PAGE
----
Käthe Kollwitz’s eyes, dark and hopeless, stare at you like messengers of death from a lithograph the German artist made of herself in 1934. You don’t need much knowledge of modern history to guess why socialist Kollwitz was desperate, one year after Hitler became chancellor of Germany. But is she really “in the process of doing modernism”, as the title of this exhibition affirms, in this confession of intimate anguish and political shock? Kollwitz’s self-portrait in his sixties is as timeless as Rembrandt’s as a broken old man.
Kollwitz is by far the greatest artist in this survey of seven female artists who worked in early 20th century Germany. And she has almost nothing in common with her so-called peers. Some arts jump out at you out of time. The other art remains in a lost place and time, fascinating as a story, important as a document – but it does not grab us. This is true for many works here. Gabriele Münter portrays Munich’s equivalent of Britain’s Bloomsbury in paintings that capture avant-garde middle-class life. She depicts her lover, the Russian artist Wassily Kandinsky, in shorts and sandals in his 1909-10 painting Kandinsky and Erma Bossi at the Table, chatting with Bossi who is also in this exhibit. Meanwhile, in her 1903 etching Woman with a Dead Child, Kollwitz depicts a naked body swollen with pain, bent over the infant’s corpse which she holds against her as if trying to shake it back to life. life.
I would be less frustrated with this show if it had a more specific title. Making Modernism suggests a more ambitious project than this turns out to be. Since all artists are women, this even implies a revolutionary feminist rewriting of art history. In reality, it’s a collection of quite interesting figures from pre-WW1 Germany, plus one genius, Kollwitz, who stands out like a raw wound.
Münter makes a poor feminist because she seems captivated by the male artists she has worked alongside, not just Kandinsky. His 1913 painting Man in an Armchair (Paul Klee) is a study of the artist who would develop his own primitive cartoon language. It’s anything but revolutionary: Klee sits stiffly in an interior whose intense hues and semi-abstract forms would have seemed quite calm even in 1913. It was, after all the year of Picasso’s Cubist collages, the Duchamp’s first ready-made and Epstein’s Rock Drill were taking modernism over a radical new precipice.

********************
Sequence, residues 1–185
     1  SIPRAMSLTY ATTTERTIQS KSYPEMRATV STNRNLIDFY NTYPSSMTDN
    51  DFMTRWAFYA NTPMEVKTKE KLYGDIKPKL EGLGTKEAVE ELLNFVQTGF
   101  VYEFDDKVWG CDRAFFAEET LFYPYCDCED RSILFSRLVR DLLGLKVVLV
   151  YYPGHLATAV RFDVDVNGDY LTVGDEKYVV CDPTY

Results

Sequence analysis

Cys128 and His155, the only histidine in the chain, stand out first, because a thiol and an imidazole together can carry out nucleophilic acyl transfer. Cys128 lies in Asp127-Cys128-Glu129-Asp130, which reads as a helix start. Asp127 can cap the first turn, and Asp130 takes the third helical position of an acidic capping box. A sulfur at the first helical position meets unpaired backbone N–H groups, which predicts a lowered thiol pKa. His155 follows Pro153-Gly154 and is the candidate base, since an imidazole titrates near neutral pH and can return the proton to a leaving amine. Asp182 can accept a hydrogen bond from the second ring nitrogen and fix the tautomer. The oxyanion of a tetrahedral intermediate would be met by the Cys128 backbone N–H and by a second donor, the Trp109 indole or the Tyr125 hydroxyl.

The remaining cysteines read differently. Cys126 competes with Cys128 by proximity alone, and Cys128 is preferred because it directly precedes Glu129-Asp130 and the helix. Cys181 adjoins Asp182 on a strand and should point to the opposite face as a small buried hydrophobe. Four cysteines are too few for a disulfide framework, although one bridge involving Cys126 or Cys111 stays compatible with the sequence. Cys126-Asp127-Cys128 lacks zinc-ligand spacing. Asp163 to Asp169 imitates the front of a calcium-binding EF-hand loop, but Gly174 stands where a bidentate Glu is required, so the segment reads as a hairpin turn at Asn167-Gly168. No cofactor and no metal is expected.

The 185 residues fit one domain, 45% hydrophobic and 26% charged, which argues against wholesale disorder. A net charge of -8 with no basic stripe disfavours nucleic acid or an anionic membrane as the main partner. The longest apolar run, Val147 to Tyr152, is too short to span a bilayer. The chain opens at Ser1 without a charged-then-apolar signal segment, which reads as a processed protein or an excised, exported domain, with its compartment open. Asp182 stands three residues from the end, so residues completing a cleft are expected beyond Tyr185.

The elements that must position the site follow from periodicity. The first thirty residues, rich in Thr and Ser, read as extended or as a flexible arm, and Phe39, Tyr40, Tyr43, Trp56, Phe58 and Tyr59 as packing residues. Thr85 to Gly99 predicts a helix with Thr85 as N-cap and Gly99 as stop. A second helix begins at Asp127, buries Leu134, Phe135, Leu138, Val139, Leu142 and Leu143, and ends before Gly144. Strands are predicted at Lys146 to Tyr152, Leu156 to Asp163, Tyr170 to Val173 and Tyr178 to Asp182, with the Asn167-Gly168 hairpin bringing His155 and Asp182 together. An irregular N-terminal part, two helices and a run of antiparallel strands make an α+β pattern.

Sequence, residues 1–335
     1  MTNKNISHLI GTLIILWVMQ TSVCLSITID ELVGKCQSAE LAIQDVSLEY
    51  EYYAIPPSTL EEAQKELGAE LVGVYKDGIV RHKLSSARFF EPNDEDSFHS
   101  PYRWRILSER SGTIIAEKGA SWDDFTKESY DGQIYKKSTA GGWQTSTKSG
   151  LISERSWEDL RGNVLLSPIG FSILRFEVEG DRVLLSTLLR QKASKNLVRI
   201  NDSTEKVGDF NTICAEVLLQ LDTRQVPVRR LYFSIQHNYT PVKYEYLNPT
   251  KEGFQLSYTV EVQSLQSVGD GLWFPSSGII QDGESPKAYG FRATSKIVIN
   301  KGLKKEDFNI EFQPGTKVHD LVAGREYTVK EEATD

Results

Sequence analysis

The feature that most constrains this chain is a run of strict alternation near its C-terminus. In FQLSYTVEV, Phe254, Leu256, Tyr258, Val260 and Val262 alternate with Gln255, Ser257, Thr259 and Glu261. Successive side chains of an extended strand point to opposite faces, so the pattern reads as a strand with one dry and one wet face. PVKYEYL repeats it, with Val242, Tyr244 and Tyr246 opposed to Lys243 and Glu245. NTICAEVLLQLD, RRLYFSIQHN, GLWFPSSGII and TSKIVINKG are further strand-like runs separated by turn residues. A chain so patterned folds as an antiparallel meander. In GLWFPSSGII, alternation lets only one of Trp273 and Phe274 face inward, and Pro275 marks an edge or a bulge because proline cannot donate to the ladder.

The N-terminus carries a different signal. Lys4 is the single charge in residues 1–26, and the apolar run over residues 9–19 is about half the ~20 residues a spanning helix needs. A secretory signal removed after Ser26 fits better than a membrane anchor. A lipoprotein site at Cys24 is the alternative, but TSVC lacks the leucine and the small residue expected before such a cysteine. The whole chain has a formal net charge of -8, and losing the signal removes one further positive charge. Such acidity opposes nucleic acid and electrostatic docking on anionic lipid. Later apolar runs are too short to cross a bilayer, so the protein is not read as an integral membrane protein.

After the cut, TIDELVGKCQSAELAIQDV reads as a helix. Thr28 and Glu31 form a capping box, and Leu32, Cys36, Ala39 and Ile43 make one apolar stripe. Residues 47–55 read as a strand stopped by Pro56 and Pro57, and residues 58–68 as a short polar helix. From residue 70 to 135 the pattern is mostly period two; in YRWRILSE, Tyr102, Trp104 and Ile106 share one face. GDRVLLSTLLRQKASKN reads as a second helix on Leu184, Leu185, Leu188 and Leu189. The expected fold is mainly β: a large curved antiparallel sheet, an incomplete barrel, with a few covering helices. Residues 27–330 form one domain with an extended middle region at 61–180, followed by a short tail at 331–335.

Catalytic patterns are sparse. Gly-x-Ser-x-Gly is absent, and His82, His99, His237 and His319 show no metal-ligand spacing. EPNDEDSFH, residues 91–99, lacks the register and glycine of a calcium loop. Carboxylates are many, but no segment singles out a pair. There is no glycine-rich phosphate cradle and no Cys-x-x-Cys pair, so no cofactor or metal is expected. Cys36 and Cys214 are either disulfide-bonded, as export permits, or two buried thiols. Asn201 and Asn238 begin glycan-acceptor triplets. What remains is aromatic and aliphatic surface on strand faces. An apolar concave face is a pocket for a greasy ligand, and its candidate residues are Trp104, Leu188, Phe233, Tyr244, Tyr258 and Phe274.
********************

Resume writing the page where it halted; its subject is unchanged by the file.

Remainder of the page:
The movement to which most of these artists belong, German Expressionism, itself occupies a delicate place in the history of modernism. In 1916, young Germans rebelled against this pictorial style saturated with echoes of Van Gogh and Matisse, repudiating its aestheticism by creating brutal Dadaist collages. If you really want to brag about women in German modern art, shouldn’t you include the great Dadaist Hannah Höch?
By confining itself to a modern movement that already looked like an old hat before the start of the Great War and whose horrors have rendered insignificant, this exhibition makes its own argument tasteless. Far from rejecting male perspectives, the artists here cite the “masters” of modernism with such enthusiasm that they raise fascinating questions about how knowing an artist’s gender alters our perception of an image. . Female nudity preoccupies Modersohn-Becker and gives her a disturbing power.
Indeed, it is hardly modernist at all. Modersohn-Becker’s very honest nudes have a German eye for the reality of life that dates back to the Reformation artist Cranach and was carried in this century by Berlin-born Lucian Freud. In fact, Freud painted a painting of his breastfeeding daughter Esther that is the spitting image of Modersohn-Becker’s beautiful work, Baby Breastfeeding.
German modern art – and its British émigré offspring in the work of Freud and Frank Auerbach – is great precisely because it never cared too much about being modernist or brilliant. Expressionism, Dada and later movements have come and gone, but for all experience artists have kept their eyes on the dull old themes of bodily existence, spiritual yearnings, life and death. .
Of no artist here is as true as Kollwitz. His images are timeless in their pain. She drives human suffering down your throat with her engraver’s chisel and her sculptor’s chisel. In an austere woodcut made in 1929 as German history squeezed its dead end street, she depicts a sleeping mother and child, hugging each other for warmth and protection in the dark.
This exhibition ignores how women artists have been excluded from the canon. The patriarchy of art never said that women couldn’t be artists, but that they couldn’t be great artists. This show accidentally perpetuates that by treating Kollwitz, a true great, as just a member of a mob.